(Current Source: Cliff Notes http://www.cliffsnotes.com/literatur.../george-milton)
Named simply for her relation to Curley, Curley's wife is a beautiful or 'Purdy' woman who is defined by being a possession of Curley's. She is the only female on the ranch, and it is revealed she is flirty with the men because she is extremely lonely.
Linking back to the context of the novel, urban women in 1920s /1930s America were often see in a negative light due to their freedom and revealing clothing. Many felt that the new puritan American homeland was potentially being ruined by these new 'Eves' who were committing all the temptations of sin again.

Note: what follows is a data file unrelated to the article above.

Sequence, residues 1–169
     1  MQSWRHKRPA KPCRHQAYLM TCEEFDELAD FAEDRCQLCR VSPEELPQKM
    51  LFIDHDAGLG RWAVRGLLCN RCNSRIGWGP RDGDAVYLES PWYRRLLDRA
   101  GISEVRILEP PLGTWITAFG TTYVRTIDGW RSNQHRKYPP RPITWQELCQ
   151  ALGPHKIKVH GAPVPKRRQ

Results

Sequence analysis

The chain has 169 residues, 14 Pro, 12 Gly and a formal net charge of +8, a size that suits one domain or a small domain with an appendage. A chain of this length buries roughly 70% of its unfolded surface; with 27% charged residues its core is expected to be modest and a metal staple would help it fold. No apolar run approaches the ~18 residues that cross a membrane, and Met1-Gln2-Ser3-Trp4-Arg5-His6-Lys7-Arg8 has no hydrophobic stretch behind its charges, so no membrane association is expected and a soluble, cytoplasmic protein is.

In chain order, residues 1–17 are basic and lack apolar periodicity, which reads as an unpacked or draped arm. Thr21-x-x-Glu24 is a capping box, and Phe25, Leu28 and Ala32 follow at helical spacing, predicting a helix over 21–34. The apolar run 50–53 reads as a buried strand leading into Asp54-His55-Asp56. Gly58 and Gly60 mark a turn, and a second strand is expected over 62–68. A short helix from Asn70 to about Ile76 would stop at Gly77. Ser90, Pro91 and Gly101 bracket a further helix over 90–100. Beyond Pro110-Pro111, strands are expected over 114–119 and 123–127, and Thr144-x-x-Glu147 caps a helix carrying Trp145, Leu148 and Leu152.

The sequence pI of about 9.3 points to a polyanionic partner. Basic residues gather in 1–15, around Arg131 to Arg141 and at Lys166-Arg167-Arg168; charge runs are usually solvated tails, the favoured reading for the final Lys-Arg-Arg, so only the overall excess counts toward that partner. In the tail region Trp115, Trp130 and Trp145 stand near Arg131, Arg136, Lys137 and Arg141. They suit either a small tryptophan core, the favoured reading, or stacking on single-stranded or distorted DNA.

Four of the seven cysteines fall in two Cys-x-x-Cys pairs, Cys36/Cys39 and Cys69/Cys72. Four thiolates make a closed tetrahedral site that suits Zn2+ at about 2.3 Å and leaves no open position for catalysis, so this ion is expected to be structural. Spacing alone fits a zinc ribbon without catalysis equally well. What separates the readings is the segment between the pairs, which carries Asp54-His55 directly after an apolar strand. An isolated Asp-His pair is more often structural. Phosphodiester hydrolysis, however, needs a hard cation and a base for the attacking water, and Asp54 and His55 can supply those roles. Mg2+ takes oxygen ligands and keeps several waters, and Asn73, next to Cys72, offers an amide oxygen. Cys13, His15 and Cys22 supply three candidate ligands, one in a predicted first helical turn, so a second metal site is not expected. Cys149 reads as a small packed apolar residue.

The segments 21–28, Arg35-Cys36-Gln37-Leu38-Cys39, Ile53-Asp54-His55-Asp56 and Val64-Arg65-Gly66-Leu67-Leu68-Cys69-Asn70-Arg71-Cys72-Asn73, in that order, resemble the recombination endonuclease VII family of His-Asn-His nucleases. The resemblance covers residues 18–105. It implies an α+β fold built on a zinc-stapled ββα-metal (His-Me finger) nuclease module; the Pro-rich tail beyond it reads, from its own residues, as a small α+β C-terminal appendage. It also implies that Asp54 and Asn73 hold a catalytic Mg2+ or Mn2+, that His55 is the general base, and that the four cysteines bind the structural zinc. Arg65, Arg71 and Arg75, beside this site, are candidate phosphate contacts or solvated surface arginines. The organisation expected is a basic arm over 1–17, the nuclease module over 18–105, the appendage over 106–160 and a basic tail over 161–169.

In the novel Curley's wife provides the obstacle to George and Lennie's dream, preventing them from ever having a happy resolution to the story. Many feel that due to her initial presentation to the reader as a classic goading secondary villain, she is portrayed negatively by Steinbeck. However before her death she shared her hopes and dreams with Lennie, and the reader garners an insight into her as a human rather than a possession.
Curley, the boss' son, is an evil character in Steinbeck's world. EvenLennie feels the sense of menace when Curley first comes into the bunkhouse. Curley is a "thin young man with a brown face, with brown eyes and a head of tightly curled hair." According to Candy, Curley is an amateur boxer and is always picking fights, especially with guys who are bigger than he is.